Pendants keeping wanderers on track
A $17,250 grant from the Rotorua Trust is helping to fund a “WanderSearch” programme to help keep track of Rotorua people wandering off from their places of residence.
New Zealand is the fourteenth fastest growing country in the world for dementia, with more than 50,000 New Zealanders affected in 2014 but only 60 per cent of cases being diagnosed.
This means there are potentially 40 per cent more people who are living with the disease and not receiving the appropriate help and care. Land Search and Rescue Rotorua (LandSAR) run the WanderSearch scheme, working alongside Rotorua Police and Alzheimers Rotorua.
LandSAR Funding Officer, Belinda Yabsley says the funding was used to help purchase an additional 50 new pendants and refurbish 100 existing pendants, providing patients with comfort that they will be returned to a safe environment and to their families should they wander from their surrounds.
The team identifies patients in need of WanderSearch pendants who are living with dementia and other cognitive impairments. Parents of youngsters with conditions such as autism are also taking advantage of this aspect of the scheme.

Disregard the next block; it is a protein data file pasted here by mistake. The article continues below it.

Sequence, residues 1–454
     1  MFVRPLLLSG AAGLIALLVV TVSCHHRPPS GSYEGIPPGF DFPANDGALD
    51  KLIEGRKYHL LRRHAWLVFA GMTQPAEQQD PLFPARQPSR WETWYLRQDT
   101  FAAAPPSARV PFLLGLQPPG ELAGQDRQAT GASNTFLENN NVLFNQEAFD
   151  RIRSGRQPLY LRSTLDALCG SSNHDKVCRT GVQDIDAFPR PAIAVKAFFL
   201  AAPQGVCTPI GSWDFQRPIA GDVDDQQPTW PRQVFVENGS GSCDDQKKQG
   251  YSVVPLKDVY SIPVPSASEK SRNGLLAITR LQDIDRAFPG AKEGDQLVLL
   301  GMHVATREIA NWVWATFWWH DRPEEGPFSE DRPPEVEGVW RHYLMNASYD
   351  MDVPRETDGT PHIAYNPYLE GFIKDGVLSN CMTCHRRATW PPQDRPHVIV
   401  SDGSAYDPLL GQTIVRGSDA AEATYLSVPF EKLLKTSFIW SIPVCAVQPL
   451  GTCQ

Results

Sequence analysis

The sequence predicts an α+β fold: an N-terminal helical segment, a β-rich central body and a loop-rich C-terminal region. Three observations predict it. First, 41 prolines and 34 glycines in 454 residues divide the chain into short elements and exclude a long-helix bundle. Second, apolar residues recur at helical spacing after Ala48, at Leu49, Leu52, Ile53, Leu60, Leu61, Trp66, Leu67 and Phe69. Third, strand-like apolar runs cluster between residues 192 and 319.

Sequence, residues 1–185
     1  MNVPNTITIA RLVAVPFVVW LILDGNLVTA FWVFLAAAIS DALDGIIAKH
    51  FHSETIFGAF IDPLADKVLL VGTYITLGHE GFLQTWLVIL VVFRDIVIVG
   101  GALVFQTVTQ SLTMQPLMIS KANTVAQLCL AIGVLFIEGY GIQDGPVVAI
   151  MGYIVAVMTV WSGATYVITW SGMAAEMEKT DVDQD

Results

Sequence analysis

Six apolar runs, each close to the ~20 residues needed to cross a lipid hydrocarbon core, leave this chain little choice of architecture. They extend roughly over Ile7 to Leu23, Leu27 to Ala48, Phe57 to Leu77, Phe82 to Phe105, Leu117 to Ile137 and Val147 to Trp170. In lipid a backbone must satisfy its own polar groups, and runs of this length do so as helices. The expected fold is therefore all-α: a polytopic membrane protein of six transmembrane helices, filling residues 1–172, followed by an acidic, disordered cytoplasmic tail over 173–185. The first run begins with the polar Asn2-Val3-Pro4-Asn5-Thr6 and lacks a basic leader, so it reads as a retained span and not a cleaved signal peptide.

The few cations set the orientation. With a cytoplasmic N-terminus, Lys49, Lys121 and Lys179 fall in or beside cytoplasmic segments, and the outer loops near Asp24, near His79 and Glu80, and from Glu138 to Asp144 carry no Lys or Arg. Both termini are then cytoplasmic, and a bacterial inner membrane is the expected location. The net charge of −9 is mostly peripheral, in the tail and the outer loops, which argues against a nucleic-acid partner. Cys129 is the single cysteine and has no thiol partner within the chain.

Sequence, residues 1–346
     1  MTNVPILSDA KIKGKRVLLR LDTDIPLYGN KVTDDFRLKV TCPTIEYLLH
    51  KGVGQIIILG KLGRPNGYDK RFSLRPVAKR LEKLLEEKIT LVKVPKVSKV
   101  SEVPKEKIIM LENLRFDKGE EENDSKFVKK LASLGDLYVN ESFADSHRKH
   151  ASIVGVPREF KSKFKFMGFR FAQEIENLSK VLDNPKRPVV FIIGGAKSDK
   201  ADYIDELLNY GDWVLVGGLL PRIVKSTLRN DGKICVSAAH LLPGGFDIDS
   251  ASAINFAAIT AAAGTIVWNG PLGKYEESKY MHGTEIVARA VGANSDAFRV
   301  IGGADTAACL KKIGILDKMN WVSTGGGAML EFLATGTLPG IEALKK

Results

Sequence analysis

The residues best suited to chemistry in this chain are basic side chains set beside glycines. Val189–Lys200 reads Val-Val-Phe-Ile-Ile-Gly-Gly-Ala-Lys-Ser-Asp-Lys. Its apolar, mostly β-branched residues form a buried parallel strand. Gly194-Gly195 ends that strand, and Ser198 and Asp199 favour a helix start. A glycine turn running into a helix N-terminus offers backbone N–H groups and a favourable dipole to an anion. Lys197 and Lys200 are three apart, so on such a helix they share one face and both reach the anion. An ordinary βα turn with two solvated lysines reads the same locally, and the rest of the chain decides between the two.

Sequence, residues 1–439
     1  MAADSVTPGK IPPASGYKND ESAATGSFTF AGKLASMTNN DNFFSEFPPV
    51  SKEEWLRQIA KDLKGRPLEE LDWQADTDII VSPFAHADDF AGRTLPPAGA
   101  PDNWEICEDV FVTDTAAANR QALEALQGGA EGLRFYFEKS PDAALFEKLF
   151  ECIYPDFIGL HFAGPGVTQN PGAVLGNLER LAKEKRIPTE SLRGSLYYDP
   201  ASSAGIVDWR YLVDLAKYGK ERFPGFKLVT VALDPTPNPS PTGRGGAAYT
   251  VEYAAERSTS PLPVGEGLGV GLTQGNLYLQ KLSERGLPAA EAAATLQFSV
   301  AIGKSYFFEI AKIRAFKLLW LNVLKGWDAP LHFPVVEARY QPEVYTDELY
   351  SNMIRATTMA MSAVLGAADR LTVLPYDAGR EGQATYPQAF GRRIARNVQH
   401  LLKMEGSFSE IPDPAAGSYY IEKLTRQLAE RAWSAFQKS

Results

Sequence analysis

Once a pendant tracking device is turned on, it emits an electronic pulse every three seconds. When a person goes missing and a search starts, a receiving unit is sent towards the person’s last known location to locate the pulse (as pictured).
When Search and Rescue personnel locate the pulse, they can fix the location of the pulse to narrow down the search field. Although many pendants are provided to rest home residents suffering dementia, those suffering with Alzheimer’s disease may also reside with their family.
The five-kilometre range of the pulse means it is a faster, easier method for the NZ Police or Search and Rescue personnel to locate missing people and return them to a safe environment.
The speed at which people wearing these pendants can be located when they go missing provides great comfort for carers and families.
Rotorua currently has the highest per capita number of Alzheimer’s patients wearing the pendant with an ever increasing demand.
Belinda says “without the support and generosity from the Rotorua Trust, we would be limited in our capabilities to continue the great work and success we have been having across the Rotorua District over the past five years with the WanderSearch programme locating missing persons and wanderers.”
John Wilson at